Linux Containers Internals: chroot Again
Intro to Linux Containers Internals:
In our last post of the series #lci-series, we scratched the surface of what
chroot does. It was great to get some feedback on how this lit some light bulbs. We can now agree on the definition that a container is a set of 1 or more processes isolated from the rest of the system. We saw this when we could isolate
bash just within our
container-intro directory. This was just one aspect of isolation - filesystem isolation.
By the way,
chrootwas introduced in Unix around 1979. That’s how old this concept is, and that marked the early beginnings of containers as we know them today. You can read more about the history here - A Brief History of Containers: From the 1970s Till Now.
In this series, we would like to explore
chroot further, this time with a full filesystem, as opposed to the hacky approach we used previously.
On your Linux system, start by installing
sudo apt install -y binutils debootstrap
Next, let’s create our directory for the root filesystem. If you are using WSL on Windows like me, make sure you are working from the linux filesystem and not the “Windows mount”, i.e.
/mnt/c/.... Therefore, you can
cd $HOME and work from there.
# assuming you are in $HOME sudo mkdir ubuntufs
debootstrap to create a Ubuntu 22.04 (
# jammy is the name for Ubuntu 22.04, see https://wiki.ubuntu.com/Releases sudo debootstrap --arch amd64 jammy ./ubuntufs http://archive.ubuntu.com/ubuntu # after running, the last lins should read something like: # ... # I: Base system installed successfully.
ℹ️ Note: another way of getting a filesystem without using
debootstrapis exporting a Docker container and then extracting it with
docker export $(docker create ubuntu) | tar -C rootfs -xvf -. However, we said we don’t want to use Docker for demystification.
chroot into the directory:
sudo chroot ubuntufs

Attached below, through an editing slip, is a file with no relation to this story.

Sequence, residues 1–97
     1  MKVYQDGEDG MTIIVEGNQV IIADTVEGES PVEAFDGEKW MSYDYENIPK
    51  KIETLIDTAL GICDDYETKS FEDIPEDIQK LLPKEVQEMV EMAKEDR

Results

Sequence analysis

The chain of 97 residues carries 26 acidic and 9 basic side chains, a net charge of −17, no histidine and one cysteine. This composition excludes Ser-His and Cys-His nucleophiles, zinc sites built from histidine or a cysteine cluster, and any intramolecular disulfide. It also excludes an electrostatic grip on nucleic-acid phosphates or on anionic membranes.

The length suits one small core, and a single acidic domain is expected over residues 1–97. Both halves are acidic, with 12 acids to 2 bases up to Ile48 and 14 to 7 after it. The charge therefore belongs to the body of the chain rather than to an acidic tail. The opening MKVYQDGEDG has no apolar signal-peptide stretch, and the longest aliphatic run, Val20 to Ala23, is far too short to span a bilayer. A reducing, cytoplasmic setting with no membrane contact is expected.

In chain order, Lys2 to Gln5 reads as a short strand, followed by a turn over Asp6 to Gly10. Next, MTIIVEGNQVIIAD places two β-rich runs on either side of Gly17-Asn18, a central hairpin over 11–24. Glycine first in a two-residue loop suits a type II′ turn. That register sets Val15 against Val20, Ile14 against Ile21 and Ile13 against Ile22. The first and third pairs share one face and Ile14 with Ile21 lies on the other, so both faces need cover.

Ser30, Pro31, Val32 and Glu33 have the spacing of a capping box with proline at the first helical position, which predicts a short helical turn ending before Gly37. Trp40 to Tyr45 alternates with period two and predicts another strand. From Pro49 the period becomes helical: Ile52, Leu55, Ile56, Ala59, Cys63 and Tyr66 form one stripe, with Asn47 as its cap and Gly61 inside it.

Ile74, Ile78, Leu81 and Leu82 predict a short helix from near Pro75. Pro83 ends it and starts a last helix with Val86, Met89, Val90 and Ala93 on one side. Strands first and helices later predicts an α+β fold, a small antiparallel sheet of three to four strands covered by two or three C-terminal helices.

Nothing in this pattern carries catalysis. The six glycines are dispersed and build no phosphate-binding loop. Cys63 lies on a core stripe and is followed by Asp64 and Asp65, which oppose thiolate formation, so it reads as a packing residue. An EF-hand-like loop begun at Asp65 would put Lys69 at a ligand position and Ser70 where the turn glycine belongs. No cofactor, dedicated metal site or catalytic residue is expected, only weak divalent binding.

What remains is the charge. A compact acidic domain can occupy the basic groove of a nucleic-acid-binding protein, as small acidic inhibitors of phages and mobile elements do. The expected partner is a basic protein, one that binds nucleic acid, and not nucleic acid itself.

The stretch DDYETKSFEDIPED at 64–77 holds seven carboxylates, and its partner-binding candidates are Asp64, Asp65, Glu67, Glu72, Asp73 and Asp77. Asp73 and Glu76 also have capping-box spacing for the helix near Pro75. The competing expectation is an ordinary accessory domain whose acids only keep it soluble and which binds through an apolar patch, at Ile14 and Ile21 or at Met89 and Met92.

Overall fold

And we are in:
root@nandaa-x1:/# ls bin boot dev etc home lib lib32 ...
ps to list processes, however, you will need to first mount
/procis a virtual filesystem, sometimes referred to as a process information pseudo-file system; that contains runtime system information (e.g. system memory, devices mounted, hardware configuration, etc). You can read more about it here.
root@nandaa-x1:/# ps Error, do this: mount -t proc proc /proc root@nandaa-x1:/# mount -t proc proc /proc root@nandaa-x1:/# ps aux USER PID %CPU %MEM VSZ RSS TTY STAT START TIME COMMAND root 1 0.0 0.0 1744 1080 ? Sl 15:27 0:00 /init root 7 0.0 0.0 1752 68 ? Ss 15:27 0:00 /init root 8 0.0 0.0 1752 76 ? S 15:27 0:00 /init 1000 9 0.0 0.0 6332 5368 ? Ss 15:27 0:00 -bash root 14351 0.0 0.0 8912 5564 ? R+ 15:55 0:00 sudo chroot co root 14352 0.0 0.0 8912 880 ? Ss 15:55 0:00 sudo chroot co root 14353 0.0 0.0 5040 4000 ? S 15:55 0:00 /bin/bash -i root 14365 0.0 0.0 1752 68 ? Ss 15:58 0:00 /init root 14366 0.0 0.0 1752 76 ? S 15:58 0:00 /init 1000 14367 0.0 0.0 6072 5180 ? Ss+ 15:58 0:00 -bash root 14380 0.0 0.0 7784 3300 ? R+ 15:58 0:00 ps aux
In a new tab, if you ran
ps aux on the main system, you should see a similar output. This is because we have not yet achieved namespace isolation, only filesystem isolation. We will cover namespace isolation in our next episode.
Thanks for reading this far; here is another small gift for you 🙂